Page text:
Maize: Expert says high prices worrying

Tamani Nkhono-Mvula Malawi

An agriculture expert has urged Malawi Government to distribute maize to all parts of the country in order to control the worrying increase in maize prices.

This comes amidst high maize prices on the market making most Malawians vulnerable to hunger.

According to a report by the International Food Policy Research Institute (IFPRI), maize prices on Malawian markets are higher compared to other countries in Southern Africa. In many areas in Malawi, Malawi, Maize is being sold at over K1000 per kilogram. The government in March this year set the price of maize at K500 per kilogram.

Nkhono expressed worry over the current maize prices saying it is too early for Malawians to be experiencing high maize prices as August is a month close to harvesting period.

“The country is in a very challenging situation as it is not expected that the country should be in hunger crisis in the month of August as it is closer to the harvesting time and experiencing this now one would wonder what will happen in the months to come up to the next harvest,” he said.

Nkhono Mvula said government need to source maize locally or import from other countries.

“We are glad that currently government is working with institutions like National Food Reserve Agency (NFRA) and Agriculture Development Marketing Corporation (ADMARC) to ensure that distribution of maize in some parts of the country is being done, I believe this will increase the supply of maize on the market thereby ensuring reduced maize prices,” he said.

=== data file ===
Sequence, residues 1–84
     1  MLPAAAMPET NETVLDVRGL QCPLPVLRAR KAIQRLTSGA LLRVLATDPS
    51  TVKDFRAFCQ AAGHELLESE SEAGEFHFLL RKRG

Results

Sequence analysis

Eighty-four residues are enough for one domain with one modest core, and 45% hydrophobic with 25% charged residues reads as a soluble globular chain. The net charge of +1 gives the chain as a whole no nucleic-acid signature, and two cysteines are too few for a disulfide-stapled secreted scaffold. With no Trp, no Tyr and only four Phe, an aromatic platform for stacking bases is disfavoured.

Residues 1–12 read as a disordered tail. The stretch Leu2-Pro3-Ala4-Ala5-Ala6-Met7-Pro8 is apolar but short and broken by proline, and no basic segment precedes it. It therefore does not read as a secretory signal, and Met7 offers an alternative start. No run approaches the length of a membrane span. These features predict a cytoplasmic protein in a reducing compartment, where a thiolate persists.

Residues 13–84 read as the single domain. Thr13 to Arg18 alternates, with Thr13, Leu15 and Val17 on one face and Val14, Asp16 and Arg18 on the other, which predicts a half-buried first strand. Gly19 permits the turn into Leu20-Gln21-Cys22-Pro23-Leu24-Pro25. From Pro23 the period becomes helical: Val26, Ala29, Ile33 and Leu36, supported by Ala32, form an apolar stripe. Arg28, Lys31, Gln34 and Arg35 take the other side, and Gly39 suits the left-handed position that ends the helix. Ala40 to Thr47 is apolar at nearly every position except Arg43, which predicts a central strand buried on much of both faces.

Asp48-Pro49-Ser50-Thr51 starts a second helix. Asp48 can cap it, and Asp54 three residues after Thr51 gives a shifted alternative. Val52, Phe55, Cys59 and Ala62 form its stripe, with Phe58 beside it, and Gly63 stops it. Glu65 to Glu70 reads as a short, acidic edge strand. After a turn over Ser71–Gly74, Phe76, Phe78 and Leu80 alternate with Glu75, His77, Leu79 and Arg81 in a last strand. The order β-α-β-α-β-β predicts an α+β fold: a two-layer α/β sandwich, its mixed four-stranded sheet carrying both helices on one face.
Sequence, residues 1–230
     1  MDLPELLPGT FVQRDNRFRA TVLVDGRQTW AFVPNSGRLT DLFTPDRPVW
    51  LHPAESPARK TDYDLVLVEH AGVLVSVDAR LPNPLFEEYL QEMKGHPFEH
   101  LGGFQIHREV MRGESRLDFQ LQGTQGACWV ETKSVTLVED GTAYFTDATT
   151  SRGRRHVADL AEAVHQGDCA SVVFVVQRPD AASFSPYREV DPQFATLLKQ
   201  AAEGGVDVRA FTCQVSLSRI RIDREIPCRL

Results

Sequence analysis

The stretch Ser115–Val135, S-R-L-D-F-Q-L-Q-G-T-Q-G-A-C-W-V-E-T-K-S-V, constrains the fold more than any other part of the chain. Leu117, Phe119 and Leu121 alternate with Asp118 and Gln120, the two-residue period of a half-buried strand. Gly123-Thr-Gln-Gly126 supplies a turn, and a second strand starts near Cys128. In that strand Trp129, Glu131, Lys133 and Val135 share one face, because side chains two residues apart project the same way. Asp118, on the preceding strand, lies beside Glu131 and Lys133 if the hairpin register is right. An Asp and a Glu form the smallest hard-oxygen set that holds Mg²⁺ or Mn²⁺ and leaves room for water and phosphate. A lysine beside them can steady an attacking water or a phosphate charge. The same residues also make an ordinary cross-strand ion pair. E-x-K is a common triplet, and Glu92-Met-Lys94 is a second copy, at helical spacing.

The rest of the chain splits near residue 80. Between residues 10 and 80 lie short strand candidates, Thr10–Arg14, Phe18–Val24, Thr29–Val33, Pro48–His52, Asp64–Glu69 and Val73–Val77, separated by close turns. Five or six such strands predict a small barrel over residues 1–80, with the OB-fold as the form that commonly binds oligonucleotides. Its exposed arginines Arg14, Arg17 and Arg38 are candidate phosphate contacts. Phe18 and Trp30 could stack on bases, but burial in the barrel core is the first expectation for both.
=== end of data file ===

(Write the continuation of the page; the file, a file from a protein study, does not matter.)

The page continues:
On reports that some Malawians are surviving on yams as they cannot afford to buy the staple food, Nkhono Mvula stated that relying on yams shouldn’t be seen as a sign of hunger in the country.

He said: “Surviving on yams must not be looked at as a sign of hunger. Of course in a country like Malawi we are used to maize. It’s time we see it as a form of diversification and these are some of the crops that need to be promoted as an alternative to maize.”

The Agriculture Specialist also urged government to find ways to diversify and bring in new systems that can deal with the current hunger situation once and for all.

“As a country we need to make sure that we have done a proper soul searching in terms of what causes hunger in this country. I have noted that one of the challenges is that we are failing to diversify our production systems as we are only relying on same systems that worked 10 or 20 years ago and still believing it can work today,” said Mvula.

He added that if the country is to continue providing subsidised farm inputs, farmers relying on rain fed agriculture, then the country may continue experiencing hunger.

“The country is relying on the subsidy programme which is not bad but if the subsidy programme is being used on rain fed agriculture, I think the results are obvious, as in the case of drought or a cyclone it will lead to the loss of the inputs then the result is hunger,” said Nkhono Mvula.